"More banal buildings and vehicles. This art based on building models is starting to get on my nerves a bit," laughs Indian architect Ragunath Vasudevan with whom I am strolling around the Venice Biennal. Some of the houses that we spy in the small Turkish pavilion look extremely primitive, others attest to the ornamentation preferred for Middle Eastern buildings, most of them simply represent the inhospitality of our cities. Faceless buildings on a 1-in-100 scale. However, at second glance there is something different about them, after all. This small architectural exhibition is a collection of buildings that already exist. "Look," say Ragunath, "that's surely the Mostar Bridge. So the models are real, but they never existed side by side like that." Do they still actually exist?
Their creator, Ahmet Ögüt, born in 1981 in Diyabakir, Turkey, is an artist and storyteller who paraphrases Italian novelist Italo Calvino in the text accompanying this model city. Calvino's character Marco Polo tells the Kublia Khan stories of invisible cities; Ögüt, by contrast, provides us with visible buildings. He strides through an imaginary city in which, yes, the old bridge from Mostar stands, just as it looked before it collapsed under artillery fire in March 1993. In his fictional stroll, he suddenly arrives in front of the Alfred P. Murrah Federal Building in Oklahoma City or chats with travelers on the No. 30 bus in London at the Marble Arch terminal. It gradually dawns on the viewer that all of them are objects which have been seared into the collective consciousness through images in the news - of them in their ruined state: The bus was bombed on July 7, 2005 in London; the administration building in Oklahoma (complete with large kindergarten) was blown up on April 19, 1995; and the arch of Mostar's old historical bridge crashed down on July 9, 1993. Ahmet Ögüt's city is an agglomeration of many places, buildings and vehicles which were destroyed by terrorists or as a result of the violence of war.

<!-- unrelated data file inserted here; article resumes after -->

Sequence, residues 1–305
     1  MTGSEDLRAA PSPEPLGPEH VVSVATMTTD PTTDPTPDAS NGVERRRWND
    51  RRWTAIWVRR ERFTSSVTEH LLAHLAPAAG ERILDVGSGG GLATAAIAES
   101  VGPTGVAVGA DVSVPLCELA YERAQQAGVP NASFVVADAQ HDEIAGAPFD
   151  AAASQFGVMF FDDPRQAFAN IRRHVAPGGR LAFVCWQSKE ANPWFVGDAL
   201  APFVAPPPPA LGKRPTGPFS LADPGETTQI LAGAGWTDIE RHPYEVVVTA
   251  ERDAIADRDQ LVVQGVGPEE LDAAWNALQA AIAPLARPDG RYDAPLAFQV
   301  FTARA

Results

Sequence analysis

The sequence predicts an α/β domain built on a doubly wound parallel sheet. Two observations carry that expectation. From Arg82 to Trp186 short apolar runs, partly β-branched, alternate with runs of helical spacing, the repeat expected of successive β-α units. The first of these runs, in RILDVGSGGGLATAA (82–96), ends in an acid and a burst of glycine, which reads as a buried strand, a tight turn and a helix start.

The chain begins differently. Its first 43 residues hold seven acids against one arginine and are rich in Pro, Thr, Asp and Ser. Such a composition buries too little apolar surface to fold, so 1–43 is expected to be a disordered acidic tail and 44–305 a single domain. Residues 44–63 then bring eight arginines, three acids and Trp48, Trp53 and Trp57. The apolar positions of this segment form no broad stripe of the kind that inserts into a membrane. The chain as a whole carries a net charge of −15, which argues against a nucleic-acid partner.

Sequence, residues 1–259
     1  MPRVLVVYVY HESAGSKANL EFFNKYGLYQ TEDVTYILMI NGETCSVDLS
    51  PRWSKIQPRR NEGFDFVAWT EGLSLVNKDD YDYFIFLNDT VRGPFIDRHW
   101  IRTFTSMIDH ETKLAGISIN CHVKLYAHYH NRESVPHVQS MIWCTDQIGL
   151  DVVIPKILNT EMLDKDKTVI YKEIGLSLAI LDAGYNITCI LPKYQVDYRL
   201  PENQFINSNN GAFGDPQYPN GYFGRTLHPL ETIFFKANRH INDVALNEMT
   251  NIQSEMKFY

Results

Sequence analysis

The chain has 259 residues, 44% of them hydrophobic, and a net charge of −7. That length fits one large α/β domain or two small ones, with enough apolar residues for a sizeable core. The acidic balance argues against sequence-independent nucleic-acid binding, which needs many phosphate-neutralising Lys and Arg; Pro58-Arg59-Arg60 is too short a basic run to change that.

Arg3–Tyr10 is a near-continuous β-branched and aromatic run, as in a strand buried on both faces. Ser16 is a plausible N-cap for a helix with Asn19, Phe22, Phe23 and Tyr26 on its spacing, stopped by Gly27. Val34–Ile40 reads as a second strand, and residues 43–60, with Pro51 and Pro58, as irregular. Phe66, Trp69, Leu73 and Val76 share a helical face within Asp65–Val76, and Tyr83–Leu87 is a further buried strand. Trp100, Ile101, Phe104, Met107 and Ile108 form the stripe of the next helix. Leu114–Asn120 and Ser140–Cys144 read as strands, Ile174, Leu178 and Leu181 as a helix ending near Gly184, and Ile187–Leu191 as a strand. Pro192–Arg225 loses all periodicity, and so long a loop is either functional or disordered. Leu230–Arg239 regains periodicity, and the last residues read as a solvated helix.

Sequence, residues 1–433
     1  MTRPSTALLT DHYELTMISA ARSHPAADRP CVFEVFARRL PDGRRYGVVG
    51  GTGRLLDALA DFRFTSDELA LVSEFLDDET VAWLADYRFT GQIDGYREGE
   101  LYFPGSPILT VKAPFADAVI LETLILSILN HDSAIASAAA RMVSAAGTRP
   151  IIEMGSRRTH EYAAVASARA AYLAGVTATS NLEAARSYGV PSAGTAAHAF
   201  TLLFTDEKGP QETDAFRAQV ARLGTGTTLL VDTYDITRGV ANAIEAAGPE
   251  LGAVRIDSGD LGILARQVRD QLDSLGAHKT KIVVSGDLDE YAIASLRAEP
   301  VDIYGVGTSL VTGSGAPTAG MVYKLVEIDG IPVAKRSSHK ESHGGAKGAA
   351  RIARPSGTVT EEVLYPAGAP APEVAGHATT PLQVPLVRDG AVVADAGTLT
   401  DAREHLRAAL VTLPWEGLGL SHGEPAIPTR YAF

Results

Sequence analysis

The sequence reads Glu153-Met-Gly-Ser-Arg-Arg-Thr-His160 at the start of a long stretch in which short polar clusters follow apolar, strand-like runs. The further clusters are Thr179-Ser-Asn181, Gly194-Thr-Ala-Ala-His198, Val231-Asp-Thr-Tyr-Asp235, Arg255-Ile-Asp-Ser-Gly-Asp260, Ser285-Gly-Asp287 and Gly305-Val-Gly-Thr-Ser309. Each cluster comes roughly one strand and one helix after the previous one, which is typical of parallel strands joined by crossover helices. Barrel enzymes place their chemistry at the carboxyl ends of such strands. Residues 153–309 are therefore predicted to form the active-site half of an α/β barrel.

"I wasn't present during any of the attacks although I traveled to some of the places - to Banja Luka to see the mosque, and to Istanbul to the HSBC - after they had been destroyed. In other words, I am an outsider in terms of personal experience," explains the creator about his relationship to these buildings. "But I spoke with people who were connected with these places: I met a man who had worked in the National Library in Sarajevo. Another was born in the Dragise Misovic Clinic Center in Belgrade, which was likewise destroyed."
Ögut is by no means interested in an art that appeals to our sense of commiseration; he seeks formal neutrality, distance. He wants everything to slowly develop in your mind. "Exploded City" is a "negative utopia" for Ögüt. When we think about utopia, he suggests "we reflect on our desires and wishes. What you see here intact already contains the drama that will occur in the future." In
Exploded City represents the Turkish entry at this year's Venice Biennial. The presentation - as part of what I consider to be a very successful Biennial - is perhaps the most impressive document of how meaningful statements can be made through the means of architecture (the model of the building) and design (object-based narration). Ahmet Ögüt is certainly not seeking to conjure up the spectacular. He purposely avoids depicting the Twin Towers, which he claims "would have been recognized immediately and would thus have been totally unsuitable for the gradual process of realization I seek to encourage." His work can be grasped slowly, bit by bit. Through reading, observing, remembering. "I am more concerned with the emotional relationship to the city than with the architectural structures that go to make it up."